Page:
Interracial/Intercultural Couples’ Challenges
As a racial & cultural minority, in an interracial marriage, the challenges of interracial relationships is something that hits home for me and I have a special place in my practice for racially & culturally diverse couples. One would think that interracial/intercultural relationships & marriages would be embraced and accepted wholeheartedly in 2018 but that is not the case. Couples in interracial relationships continue to face challenges even though there has been a steady rise in interracial dating.
In fact, according to a recent Pew Research Center Report (2017), 1 in 6 newly married people are married to someone who is of a different race or ethnic background. Despite the growing openness of people to date and get into relationships with partners from different cultural & racial backgrounds, biracial/bi-cultural couples continue to face an uphill battle of staying together because of societal & familial stress. This type of stress goes above and beyond any other relationship that did not cross the barriers of race, culture or faith.
Couples in interracial & intercultural relationships face two types of challenges- external & internal. External challenges are stressors on the relationship that originate from outside of the couple unit- from family, friends, society & community. Internal challenges stem from within the couple when partners struggle with communicating expectations & cultural differences related to topics such as children, finances, sex, religion etc.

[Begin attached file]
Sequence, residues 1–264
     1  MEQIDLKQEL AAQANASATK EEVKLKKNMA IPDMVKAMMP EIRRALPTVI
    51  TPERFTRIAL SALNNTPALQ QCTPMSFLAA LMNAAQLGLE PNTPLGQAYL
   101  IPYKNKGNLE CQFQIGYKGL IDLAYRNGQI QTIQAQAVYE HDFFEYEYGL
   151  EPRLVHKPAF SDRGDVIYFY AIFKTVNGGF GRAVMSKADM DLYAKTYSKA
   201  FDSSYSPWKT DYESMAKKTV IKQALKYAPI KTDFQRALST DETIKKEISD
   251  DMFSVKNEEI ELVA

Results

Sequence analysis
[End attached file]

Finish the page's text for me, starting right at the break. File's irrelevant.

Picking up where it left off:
Disapproval from family-
Many cultures believe that a marriage is not between two individuals but it is a union between two families. Interracial couples often face disapproval from their families in the form of alienation, boycott & isolation. At times, one partner or both might be concerned about the repercussions of their families finding out about their relationship. In such cases, people put in a lot of effort to keep the relationship a secret and the stress of holding that secret takes a toll on the relationship.
Criticism from friends-
Many couples in interracial relationships experience a shift in their friendships. Friends might begin to keep their distance or express disappointment in the couple’s decision to be together. In my work with interracial couples, I often hear how some friends of couples decide not to welcome the partner with the different racial/cultural background into their home or not acknowledge the partner, if they happen to be around.
The challenge of societal prejudice and bias is very difficult to navigate. Mixed race couples often get “looks” or people shaking their heads as they walk by. I have had couples share how random people have offered unsolicited chastising remarks such as “Be proud of your race and be with your own kind” or “You are embarrassing your entire community and setting a bad example for others.” It gets worse if the couple has kids- mixed race couples with biracial or multiracial children have had people question one or both parents if they are taking care of someone else’s child or even feeling sorry for the child because “they are going to grow up very confused about who they are!”